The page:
Cultures clash at popular fish auction in Japan

For workers at the Tsukiji fish market,the final indignity may have been when an intoxicated British tourist licked the head of a frozen tuna.

Written by L A Times,Washington Post | Tokyo | Published:March 14, 2009 11:09 pm

For workers at the Tsukiji fish market,the final indignity may have been when an intoxicated British tourist licked the head of a frozen tuna. In the now-notorious incident,captured by a Japanese TV crew,an irate market official shouted in English,“Get out! Get out!” as the man patted the tuna’s gills.

Every day before dawn,hundreds of visitors gather to witness one of the most popular events on the Tokyo tourist agenda: the daily tuna auction. Clogging passageways,they gawk at the sheer size of a market as big as 43 football fields put together. Each year,the market handles tens of millions of visitors and 600,000 tonnes of seafood in 480 varieties — 1 of every 5 fish caught on the planet.

But some visitors misbehave,infuriating market officials so much they closed Tsukiji to outsiders for several weeks during the busy New Year’s buying season.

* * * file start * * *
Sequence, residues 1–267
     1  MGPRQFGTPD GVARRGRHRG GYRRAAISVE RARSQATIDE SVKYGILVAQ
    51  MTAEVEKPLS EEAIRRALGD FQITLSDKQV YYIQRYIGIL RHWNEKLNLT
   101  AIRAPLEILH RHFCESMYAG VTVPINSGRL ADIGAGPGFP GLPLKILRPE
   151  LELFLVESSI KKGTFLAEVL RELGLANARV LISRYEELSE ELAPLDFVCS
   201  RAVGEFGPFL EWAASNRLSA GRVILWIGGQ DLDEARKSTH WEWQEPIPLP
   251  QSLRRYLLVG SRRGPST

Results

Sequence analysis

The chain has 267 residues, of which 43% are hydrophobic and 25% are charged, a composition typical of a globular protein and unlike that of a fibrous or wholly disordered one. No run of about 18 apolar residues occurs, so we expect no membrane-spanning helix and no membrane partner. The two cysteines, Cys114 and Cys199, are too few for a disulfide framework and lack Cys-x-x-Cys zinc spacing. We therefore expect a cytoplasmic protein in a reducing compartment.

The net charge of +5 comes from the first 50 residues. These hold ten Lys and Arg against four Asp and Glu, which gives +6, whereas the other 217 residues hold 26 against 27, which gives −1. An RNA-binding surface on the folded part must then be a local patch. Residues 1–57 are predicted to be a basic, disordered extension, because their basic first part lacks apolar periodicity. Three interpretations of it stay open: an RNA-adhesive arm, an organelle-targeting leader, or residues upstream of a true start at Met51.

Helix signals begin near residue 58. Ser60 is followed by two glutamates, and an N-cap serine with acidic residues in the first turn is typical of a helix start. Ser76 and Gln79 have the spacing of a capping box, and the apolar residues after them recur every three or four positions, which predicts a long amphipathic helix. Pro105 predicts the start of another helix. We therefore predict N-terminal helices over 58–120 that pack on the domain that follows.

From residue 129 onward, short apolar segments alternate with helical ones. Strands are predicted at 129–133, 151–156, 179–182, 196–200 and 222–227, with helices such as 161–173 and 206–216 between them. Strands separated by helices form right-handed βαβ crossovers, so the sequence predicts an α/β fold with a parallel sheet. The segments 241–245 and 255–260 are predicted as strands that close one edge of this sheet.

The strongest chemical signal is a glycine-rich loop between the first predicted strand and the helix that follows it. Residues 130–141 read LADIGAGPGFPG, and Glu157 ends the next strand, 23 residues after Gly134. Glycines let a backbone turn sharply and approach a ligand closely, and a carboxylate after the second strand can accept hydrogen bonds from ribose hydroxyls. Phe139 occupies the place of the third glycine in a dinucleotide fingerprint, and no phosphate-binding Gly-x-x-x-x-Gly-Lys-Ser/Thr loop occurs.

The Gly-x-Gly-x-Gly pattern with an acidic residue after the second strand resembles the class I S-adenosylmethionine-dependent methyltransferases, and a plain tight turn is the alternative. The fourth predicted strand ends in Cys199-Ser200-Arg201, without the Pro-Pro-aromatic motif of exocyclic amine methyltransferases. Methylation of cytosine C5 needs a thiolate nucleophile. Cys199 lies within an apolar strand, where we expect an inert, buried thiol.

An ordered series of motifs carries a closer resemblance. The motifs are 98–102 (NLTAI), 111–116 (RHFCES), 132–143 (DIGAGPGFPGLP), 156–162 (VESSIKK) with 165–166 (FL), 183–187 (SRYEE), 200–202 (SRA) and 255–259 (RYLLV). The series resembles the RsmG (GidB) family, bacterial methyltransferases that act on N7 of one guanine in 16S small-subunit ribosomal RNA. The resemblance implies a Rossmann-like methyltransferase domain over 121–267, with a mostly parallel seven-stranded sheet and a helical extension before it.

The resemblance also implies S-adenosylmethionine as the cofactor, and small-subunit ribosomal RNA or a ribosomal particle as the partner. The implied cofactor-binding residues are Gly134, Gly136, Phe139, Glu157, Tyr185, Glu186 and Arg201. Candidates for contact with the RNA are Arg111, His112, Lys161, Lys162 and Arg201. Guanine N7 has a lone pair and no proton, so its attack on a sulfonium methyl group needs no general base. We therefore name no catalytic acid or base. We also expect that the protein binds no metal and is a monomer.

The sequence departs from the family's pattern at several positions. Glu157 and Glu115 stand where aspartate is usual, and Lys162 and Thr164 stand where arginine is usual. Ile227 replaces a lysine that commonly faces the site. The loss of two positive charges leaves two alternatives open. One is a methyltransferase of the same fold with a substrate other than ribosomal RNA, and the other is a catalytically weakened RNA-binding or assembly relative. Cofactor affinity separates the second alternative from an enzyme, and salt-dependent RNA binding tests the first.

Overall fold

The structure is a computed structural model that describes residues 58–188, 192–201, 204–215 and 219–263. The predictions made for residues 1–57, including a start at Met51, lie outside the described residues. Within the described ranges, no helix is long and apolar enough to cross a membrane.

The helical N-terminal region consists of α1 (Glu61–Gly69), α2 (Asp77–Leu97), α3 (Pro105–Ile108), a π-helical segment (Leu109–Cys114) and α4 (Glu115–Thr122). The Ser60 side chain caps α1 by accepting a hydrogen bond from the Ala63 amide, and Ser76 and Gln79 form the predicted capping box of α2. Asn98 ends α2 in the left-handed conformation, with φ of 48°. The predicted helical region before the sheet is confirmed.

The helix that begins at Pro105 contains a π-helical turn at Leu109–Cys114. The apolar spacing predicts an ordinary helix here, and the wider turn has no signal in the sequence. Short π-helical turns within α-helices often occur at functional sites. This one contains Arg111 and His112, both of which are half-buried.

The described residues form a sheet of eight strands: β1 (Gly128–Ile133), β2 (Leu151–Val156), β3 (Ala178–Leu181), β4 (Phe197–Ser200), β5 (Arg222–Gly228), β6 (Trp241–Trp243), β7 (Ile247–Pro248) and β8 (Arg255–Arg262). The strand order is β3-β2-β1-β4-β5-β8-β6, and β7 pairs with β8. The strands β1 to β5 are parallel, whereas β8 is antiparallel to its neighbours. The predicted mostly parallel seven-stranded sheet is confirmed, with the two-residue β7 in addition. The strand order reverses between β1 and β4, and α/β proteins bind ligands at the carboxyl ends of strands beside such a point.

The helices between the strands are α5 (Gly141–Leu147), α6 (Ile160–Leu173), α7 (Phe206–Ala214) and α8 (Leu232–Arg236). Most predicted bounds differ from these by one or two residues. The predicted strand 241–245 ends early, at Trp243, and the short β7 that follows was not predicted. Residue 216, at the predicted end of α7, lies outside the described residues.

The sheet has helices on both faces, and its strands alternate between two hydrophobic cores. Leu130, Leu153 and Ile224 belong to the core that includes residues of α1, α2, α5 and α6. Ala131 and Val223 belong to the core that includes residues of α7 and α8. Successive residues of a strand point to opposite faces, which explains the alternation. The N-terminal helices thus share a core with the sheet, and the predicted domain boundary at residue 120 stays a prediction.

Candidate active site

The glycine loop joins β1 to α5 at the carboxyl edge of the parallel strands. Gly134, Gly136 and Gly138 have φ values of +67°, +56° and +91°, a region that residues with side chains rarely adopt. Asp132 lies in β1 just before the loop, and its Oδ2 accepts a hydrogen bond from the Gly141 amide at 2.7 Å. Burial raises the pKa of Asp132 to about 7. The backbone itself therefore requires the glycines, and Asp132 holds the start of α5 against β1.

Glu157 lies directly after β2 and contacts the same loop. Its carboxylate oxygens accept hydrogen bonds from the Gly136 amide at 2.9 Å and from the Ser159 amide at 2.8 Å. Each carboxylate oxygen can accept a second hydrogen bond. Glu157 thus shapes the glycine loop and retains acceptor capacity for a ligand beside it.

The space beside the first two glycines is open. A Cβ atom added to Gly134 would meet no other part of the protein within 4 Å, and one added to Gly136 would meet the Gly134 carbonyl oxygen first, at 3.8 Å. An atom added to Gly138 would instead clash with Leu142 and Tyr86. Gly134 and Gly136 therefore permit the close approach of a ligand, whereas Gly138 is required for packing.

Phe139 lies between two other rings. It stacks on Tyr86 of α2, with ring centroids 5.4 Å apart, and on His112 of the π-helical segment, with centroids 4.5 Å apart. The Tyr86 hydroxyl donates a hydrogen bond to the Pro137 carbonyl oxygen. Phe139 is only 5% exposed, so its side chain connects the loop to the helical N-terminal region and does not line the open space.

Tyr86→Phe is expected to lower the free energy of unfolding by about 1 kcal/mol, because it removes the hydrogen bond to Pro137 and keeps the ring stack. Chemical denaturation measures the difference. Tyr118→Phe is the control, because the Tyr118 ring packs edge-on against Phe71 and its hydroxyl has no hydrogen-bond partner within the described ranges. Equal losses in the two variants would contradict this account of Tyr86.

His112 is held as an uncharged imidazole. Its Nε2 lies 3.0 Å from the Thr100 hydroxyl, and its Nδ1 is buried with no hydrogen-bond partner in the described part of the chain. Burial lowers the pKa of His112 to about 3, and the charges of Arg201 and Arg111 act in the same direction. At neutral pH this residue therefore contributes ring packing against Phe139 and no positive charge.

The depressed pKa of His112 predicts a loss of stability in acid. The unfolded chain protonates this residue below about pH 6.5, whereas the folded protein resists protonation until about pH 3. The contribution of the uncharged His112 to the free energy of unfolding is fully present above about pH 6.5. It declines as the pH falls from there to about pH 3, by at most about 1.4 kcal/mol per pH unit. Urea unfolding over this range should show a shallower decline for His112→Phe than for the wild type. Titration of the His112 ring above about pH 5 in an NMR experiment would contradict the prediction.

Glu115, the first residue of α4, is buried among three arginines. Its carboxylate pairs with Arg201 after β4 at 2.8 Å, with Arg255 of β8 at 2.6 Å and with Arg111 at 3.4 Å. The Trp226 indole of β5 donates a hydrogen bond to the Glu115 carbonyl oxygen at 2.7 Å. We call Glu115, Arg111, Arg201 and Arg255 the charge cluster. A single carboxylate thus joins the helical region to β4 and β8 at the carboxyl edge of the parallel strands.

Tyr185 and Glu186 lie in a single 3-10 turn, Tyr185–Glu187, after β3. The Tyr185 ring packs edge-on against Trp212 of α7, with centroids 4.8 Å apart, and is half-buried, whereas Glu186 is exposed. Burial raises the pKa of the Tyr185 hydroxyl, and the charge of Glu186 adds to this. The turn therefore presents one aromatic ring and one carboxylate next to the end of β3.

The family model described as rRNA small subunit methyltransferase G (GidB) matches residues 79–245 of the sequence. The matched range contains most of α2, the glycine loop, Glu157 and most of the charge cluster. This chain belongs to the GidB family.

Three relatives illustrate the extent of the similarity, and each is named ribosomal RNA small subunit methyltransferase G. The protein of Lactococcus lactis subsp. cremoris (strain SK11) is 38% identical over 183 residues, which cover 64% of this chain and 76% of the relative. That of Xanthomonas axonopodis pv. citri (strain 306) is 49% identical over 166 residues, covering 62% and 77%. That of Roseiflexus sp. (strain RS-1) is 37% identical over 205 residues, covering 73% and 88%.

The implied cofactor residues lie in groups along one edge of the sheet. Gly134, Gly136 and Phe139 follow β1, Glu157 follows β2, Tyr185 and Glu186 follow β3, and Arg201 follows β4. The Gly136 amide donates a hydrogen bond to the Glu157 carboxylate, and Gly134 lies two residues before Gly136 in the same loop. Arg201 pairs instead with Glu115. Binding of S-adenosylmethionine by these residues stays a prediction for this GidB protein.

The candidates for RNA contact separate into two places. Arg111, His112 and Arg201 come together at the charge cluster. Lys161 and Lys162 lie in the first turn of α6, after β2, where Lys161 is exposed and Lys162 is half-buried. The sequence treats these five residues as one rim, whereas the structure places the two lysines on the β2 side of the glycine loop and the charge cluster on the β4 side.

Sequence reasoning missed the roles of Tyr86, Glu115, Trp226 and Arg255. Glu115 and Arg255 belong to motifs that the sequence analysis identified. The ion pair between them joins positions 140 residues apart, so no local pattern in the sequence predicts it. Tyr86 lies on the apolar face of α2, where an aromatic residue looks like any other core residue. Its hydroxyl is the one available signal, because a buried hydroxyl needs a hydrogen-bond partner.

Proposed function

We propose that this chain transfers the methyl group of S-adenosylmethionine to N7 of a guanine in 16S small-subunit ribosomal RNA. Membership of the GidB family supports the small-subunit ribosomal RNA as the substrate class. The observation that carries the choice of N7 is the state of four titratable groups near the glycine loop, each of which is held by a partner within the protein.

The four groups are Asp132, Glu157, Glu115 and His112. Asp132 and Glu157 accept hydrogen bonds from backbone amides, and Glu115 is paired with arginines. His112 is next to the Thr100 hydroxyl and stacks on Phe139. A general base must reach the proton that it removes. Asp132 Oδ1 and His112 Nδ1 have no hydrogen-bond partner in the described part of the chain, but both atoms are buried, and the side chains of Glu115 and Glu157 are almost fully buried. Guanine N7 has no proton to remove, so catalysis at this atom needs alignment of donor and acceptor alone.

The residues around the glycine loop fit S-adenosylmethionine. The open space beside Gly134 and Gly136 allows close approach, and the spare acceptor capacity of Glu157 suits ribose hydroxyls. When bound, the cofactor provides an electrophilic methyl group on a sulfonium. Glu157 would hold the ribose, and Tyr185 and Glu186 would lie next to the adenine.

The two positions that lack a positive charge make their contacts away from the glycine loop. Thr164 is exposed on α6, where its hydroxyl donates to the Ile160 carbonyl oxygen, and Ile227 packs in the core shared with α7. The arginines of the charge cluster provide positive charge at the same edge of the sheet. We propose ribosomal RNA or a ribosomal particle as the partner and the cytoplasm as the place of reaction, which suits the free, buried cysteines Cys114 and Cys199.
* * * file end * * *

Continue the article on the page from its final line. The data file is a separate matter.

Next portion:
Fish cutter Saito Shiro says many foreigners don’t respect his profession.

“They get in the way,” says the 75-year-old Tokyo resident,who has worked in the market for more than half a century.

The market relented in January,but the mood is still frosty in the drafty warehouses that make up the market.

“I don’t blame them,” says tourist Bart Brinkman,a 37-year-old export consultant from the Netherlands,who is already wide-eyed as he wanders the market at 5 am. “These people are very serious about their work.”

All around him,men in baseball caps zip about on motorised three-wheeled carts. Others in rubber aprons and boots brush past with flashlights and large fishhooks,pointy ends facing outward. Their message — Stay out of my way.

Now that the crowds have returned,the debate has,too: Can tourists be trusted in Tsukiji? The issue symbolises the culture clash between foreign visitors and residents of a nation that prizes manners and orderliness.

“More than 99.9 per cent of Japanese know how to obey the rules,” says Brinkman,who travels here frequently. “They’re not used to dealing with hordes of often drunken Westerners who see this place as an amusement park.”

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